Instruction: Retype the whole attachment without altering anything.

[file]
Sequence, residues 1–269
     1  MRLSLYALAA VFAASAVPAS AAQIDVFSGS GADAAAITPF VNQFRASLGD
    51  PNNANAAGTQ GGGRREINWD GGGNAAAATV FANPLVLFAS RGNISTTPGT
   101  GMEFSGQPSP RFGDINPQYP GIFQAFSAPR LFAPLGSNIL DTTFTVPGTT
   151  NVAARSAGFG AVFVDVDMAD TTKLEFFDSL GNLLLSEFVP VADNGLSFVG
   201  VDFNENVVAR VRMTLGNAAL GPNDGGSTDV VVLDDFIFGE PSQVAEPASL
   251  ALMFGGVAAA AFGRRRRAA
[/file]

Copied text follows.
Sequence, residues 1–269
     1  MRLSLYALAA VFAASAVPAS AAQIDVFSGS GADAAAITPF VNQFRASLGD
    51  PNNANAAGTQ GGGRREINWD GGGNAAAATV FANPLVLFAS RGNISTTPGT
   101  GMEFSGQPSP RFGDINPQYP GIFQAFSAPR LFAPLGSNIL DTTFTVPGTT
   151  NVAARSAGFG AVFVDVDMAD TTKLEFFDSL GNLLLSEFVP VADNGLSFVG
   201  VDFNENVVAR VRMTLGNAAL GPNDGGSTDV VVLDDFIFGE PSQVAEPASL
   251  ALMFGGVAAA AFGRRRRAA